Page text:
AIM de-listings rise by 20%
Financial stress and insolvency leading cause of de-listings, with uncertainty surrounding Brexit and low oil prices also taking their toll
The number of companies de-listing from AIM has risen by 20% to 107 in the last year – up from 89 the year before – according to UHY Hacker Young.
Financial stress and insolvency was cited as the leading cause of businesses quitting AIM, responsible for 30 departures from the junior stock market in the last year, with another 33% leaving due to the impact of low oil prices damaging the profitability of companies in the sector and making it harder for new firms to raise funds.
Uncertainty surrounding Brexit has also made it harder for companies to raise funds, while the UK’s main stock market has also seen a drop in the number of IPOs over the summer.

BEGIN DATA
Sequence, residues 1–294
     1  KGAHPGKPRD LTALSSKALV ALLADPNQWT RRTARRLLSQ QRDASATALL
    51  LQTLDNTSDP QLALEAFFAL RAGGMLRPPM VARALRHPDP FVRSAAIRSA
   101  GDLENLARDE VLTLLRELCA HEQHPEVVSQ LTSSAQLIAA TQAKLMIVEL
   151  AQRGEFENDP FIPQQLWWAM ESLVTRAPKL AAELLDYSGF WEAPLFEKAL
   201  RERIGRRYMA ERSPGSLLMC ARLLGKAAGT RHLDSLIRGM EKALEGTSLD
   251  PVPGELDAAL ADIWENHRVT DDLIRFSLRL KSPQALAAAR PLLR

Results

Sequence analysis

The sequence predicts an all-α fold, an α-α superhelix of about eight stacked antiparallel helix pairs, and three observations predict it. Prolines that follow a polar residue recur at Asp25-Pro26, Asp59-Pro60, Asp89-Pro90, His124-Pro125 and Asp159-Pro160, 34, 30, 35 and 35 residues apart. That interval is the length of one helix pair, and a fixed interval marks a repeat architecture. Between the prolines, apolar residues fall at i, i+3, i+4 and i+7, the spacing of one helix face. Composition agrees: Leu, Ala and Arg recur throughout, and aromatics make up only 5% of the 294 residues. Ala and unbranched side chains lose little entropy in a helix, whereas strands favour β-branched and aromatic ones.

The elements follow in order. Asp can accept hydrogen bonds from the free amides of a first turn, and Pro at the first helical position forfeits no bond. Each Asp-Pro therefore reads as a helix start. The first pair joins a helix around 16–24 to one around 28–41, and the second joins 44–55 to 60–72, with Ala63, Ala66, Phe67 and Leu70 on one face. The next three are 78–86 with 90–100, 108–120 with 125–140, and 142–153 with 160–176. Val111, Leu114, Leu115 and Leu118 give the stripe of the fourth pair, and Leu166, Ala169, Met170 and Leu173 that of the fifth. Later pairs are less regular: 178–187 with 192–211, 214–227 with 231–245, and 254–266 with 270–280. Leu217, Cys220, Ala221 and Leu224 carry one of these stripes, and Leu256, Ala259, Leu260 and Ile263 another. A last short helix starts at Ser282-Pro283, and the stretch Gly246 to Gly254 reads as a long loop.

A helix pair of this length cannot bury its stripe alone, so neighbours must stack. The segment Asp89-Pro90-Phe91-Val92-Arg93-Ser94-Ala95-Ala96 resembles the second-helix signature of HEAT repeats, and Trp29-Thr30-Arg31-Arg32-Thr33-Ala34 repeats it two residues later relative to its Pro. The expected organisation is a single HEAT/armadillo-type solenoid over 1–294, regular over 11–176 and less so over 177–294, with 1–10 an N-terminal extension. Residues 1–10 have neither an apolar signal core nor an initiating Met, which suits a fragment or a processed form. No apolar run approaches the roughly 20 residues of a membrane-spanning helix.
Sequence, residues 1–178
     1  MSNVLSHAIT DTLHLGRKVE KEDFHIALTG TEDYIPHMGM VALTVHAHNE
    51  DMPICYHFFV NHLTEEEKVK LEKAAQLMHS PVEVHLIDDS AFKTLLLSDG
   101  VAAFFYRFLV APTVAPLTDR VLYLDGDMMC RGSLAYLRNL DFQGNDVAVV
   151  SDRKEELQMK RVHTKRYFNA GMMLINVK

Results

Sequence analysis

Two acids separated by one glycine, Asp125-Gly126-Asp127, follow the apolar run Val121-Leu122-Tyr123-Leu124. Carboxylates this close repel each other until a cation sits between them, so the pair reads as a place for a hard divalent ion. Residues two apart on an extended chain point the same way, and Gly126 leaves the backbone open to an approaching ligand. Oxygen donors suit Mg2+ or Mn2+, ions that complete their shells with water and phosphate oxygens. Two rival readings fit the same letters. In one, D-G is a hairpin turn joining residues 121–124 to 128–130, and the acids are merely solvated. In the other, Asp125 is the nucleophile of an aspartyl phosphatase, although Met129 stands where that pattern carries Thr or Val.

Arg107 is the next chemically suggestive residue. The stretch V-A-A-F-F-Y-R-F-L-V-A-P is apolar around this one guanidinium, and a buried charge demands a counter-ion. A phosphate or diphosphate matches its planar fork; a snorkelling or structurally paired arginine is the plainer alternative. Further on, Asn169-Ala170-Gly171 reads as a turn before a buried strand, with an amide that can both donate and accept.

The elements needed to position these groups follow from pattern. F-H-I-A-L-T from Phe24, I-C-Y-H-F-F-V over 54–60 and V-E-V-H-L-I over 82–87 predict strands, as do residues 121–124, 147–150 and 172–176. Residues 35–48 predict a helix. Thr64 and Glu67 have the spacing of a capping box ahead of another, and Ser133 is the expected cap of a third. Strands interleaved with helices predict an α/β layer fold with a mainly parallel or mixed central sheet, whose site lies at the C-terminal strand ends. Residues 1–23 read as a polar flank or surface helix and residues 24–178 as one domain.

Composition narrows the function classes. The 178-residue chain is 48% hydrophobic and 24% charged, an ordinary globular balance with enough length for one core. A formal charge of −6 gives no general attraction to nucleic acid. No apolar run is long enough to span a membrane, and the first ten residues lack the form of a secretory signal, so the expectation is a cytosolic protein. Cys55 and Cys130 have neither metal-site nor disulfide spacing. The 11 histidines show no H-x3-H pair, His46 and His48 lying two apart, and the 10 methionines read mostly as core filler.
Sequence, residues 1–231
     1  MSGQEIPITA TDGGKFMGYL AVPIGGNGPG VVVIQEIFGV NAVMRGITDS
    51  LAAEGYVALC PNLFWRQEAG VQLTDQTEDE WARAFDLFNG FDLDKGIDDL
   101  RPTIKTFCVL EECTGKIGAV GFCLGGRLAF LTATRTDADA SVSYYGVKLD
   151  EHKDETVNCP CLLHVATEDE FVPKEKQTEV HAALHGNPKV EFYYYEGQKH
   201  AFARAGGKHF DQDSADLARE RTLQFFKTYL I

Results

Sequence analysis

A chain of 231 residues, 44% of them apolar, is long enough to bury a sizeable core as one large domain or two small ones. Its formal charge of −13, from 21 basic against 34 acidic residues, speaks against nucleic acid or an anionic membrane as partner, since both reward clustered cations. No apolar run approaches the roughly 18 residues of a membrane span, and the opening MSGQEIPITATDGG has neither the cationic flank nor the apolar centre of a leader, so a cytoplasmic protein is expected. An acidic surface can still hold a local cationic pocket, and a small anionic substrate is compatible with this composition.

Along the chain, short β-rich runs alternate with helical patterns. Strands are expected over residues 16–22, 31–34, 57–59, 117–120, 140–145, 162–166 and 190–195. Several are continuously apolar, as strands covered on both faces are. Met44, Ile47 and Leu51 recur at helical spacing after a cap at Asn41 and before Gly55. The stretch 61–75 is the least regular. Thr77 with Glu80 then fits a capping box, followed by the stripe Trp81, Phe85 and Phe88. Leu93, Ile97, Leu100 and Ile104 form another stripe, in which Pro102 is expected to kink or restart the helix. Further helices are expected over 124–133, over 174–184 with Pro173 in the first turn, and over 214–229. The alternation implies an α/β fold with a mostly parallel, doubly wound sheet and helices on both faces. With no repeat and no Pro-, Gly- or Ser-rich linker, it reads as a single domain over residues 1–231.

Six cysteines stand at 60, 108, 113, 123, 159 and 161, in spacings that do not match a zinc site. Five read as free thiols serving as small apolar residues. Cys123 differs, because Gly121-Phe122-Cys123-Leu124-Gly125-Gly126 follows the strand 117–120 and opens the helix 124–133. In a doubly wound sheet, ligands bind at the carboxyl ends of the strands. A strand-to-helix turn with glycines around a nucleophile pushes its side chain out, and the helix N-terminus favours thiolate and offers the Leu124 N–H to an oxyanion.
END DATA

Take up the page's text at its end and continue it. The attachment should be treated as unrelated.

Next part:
Meanwhile, only 41 new companies listed on AIM over the last year, a decrease of 29% on the 58 that listed in the previous 12 months. This has resulted in a net drop of 66 companies listed on the junior stock market – the ninth consecutive year it has shrunk.
Laurence Sacker, partner at UHY Hacker Young, commented: “AIM faces a double whammy – just when it needs new blood in the form of IPOs, the number of companies choosing to float on the junior market is dropping.
“All told, it’s been a challenging year for AIM, but it’s not all doom and gloom. There have been signs of investors regaining confidence in the UK market. Many investment banks and Nomads predict an uptick in the number of IPOs in the coming year.
“It’s entirely possible that this rising tide will lift AIM. There has been an increase in interest from overseas, with investors attracted to the weaker pound, and the domestic economy has started to recover from its post-Brexit jitters.”